The QoS module 216 may include a usage/traffic controller 218 and a QoS controller 220. The usage/traffic controller 218 may be adapted to monitor and store, for example, in storage 214, traffic and data usage associated with each user and/or device in accordance with the appropriate profiles. The QoS controller 220 may be configured to implement the appropriate QoS settings, based on the identified user(s) and/or devices. The function of identifying the users and/or devices, processing the profiles, and/or adapting the QoS settings may be implemented in the router 102, in a plurality of cooperating applications/modules on the router 102, or in a plurality of cooperating applications and/or modules distributed over multiple devices in a computer network, as further described below with reference to FIG. 4, for example.

In one example, there may be a setup and initialization of the router 102 when the router 102 is initially installed. In this respect, there may be a series of questions or prompts to a user that the user may answer, or the user may otherwise input information used to initialize and configure the router. For example, the user may identify locations of non-mobile devices (such as a desktop computer, wireless access point, etc.), setup the user ID (for example, by providing a username and password, a picture of the user, a voice fingerprint, etc.), configure QoS preferences or settings, and otherwise configure the router 102.

FIG. 3 illustrates an exemplary profile 302 and associated settings and information according to embodiments of the present disclosure. Although a single profile 302, for example for a user or device, is illustrated, many profiles may be stored in router storage 214. As described above, the profile(s) 302 may include personalized QoS settings 302 a, user and/or device identification information 302 b, information about user behavior and/or history 302 c, user preference(s) information 302 d, adaptive profile information 302 e, and other information 302 x relating to a user and the user's data usage.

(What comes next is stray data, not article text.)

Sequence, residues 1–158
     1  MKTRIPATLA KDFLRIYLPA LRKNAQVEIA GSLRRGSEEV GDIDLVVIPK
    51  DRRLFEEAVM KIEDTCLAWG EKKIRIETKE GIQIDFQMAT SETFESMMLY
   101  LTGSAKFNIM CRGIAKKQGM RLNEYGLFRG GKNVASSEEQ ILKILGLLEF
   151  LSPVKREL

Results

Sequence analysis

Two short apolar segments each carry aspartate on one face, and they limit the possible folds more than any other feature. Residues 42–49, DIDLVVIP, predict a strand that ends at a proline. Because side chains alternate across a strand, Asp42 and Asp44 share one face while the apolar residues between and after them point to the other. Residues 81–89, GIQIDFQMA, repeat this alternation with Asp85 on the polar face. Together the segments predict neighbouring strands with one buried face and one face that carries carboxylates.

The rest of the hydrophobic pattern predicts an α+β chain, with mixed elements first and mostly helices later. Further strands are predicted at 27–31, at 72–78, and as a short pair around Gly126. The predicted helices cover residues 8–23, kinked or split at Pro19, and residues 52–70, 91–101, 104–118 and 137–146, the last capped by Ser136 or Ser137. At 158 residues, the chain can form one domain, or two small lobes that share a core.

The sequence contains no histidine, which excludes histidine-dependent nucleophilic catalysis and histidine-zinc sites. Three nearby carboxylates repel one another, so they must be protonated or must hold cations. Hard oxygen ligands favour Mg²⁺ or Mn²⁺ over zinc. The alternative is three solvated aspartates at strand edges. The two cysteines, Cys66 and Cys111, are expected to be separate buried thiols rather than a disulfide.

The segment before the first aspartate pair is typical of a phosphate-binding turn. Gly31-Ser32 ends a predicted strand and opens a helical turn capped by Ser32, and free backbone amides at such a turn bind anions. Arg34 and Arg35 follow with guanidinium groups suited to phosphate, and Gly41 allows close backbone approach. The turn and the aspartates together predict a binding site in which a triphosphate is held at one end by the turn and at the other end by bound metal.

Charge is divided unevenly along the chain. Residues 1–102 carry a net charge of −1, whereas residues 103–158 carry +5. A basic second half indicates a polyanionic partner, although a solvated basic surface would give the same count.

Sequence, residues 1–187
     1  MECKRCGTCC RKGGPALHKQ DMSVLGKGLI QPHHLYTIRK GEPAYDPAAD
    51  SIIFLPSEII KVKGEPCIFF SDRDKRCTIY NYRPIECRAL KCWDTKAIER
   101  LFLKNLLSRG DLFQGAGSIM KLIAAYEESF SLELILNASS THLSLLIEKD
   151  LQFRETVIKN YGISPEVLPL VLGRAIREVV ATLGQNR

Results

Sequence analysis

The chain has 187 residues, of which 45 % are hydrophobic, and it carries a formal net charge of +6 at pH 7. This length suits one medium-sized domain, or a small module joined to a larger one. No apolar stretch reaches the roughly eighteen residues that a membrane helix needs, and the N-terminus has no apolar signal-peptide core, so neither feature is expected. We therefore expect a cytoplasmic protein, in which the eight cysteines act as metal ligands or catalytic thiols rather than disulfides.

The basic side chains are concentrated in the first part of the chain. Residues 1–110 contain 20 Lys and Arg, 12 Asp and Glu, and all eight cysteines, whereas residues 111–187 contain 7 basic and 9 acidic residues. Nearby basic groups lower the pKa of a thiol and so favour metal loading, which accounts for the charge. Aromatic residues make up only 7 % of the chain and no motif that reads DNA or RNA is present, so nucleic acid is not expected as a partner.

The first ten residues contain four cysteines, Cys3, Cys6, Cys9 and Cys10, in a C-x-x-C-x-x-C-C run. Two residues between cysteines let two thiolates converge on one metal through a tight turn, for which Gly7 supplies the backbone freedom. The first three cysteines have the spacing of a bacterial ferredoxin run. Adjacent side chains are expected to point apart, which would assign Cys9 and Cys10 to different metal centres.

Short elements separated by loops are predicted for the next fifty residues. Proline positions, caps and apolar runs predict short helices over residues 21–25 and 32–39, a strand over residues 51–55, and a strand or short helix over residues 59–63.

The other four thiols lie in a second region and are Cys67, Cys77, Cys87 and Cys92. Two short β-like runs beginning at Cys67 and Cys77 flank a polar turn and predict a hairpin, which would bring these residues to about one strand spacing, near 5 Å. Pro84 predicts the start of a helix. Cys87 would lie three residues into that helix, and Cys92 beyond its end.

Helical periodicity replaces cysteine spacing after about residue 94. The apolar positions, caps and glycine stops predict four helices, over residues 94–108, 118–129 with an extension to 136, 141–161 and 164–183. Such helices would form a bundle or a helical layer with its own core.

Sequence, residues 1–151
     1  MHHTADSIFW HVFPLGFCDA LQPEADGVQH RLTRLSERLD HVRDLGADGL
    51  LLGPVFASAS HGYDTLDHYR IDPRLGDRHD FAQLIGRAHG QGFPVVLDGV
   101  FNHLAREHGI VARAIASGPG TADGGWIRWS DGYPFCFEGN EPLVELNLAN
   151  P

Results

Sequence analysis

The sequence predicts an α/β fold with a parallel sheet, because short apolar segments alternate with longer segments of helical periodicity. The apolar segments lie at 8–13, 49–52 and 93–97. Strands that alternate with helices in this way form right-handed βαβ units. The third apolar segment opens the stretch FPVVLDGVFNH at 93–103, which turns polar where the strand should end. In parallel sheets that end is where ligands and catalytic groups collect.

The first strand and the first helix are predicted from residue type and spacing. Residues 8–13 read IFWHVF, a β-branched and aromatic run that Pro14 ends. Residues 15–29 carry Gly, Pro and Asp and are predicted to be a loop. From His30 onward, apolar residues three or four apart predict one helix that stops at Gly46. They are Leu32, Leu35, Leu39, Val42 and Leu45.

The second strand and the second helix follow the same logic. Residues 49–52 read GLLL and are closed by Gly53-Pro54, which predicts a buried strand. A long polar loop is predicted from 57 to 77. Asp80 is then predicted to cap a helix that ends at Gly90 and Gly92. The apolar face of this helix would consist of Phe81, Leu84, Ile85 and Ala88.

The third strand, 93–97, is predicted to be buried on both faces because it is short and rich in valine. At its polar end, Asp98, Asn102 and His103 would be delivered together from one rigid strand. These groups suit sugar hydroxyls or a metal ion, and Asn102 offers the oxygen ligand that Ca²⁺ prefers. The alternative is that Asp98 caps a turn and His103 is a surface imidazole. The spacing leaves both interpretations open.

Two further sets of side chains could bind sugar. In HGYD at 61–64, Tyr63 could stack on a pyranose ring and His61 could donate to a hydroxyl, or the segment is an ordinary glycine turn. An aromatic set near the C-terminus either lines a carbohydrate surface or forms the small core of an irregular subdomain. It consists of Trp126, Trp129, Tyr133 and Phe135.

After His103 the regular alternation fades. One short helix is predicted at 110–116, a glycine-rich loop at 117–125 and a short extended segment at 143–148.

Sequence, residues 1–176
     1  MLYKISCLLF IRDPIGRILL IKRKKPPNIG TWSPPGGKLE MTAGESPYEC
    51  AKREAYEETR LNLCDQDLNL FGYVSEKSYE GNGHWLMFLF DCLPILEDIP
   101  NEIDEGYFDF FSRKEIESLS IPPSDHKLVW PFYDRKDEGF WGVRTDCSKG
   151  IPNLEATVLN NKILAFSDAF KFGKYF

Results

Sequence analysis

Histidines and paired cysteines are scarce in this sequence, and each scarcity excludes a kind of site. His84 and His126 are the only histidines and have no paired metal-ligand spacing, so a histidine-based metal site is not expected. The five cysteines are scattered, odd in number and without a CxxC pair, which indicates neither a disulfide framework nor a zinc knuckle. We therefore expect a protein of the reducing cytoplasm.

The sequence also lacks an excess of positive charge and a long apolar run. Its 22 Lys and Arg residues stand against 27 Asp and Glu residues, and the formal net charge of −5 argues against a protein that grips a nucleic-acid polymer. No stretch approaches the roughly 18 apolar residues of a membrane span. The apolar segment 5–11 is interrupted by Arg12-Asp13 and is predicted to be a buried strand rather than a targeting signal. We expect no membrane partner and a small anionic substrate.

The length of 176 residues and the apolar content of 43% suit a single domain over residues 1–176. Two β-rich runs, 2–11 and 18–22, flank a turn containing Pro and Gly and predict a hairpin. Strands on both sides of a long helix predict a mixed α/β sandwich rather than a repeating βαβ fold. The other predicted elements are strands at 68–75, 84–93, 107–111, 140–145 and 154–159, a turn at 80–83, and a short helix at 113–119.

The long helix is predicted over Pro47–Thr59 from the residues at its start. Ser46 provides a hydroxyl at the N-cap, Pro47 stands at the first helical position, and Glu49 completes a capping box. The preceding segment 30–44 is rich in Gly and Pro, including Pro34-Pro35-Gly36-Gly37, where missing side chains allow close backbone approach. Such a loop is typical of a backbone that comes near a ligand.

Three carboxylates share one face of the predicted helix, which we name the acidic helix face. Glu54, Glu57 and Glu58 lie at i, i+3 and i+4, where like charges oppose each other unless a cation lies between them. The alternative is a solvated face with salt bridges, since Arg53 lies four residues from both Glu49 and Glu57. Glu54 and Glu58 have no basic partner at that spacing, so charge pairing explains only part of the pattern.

The personal QoS settings 302 a may include settings and/or configurations to be used by the router 102 when routing data packets to a device currently being used by the user. The QoS settings 302 a may include one or more priority indicators for the respective user, which may be absolute priority indicators (for example, a priority value according to a certain scale, i.e. 7 out of 10) or may be priority indicators relative to other user(s) of devices accessing the router (for example, lower than user A but higher than user B). The priority indicators may be dynamic and may change based on user input configurations (e.g., a user administrator telling the router how certain users should be prioritized), system initiated configuration changes (e.g., determining the presence of a new high-priority user of the router and therefore reprioritizing the other users), or the like. The QoS settings 302 a may also include priority indicators that are based on, a device accessing the router, the device and the user, the user and the data type, etc. For example, download video data for user A may be higher priority than download gaming data for user B which in turn may be higher priority than upload video data for user A. QoS settings 302 a may also include priority indicators based on location, such as data requests originating from a home office are to be prioritized over data requests originating from the home's basement, etc. Generally known techniques for indoor location determination may be used to determine location of devices within a home.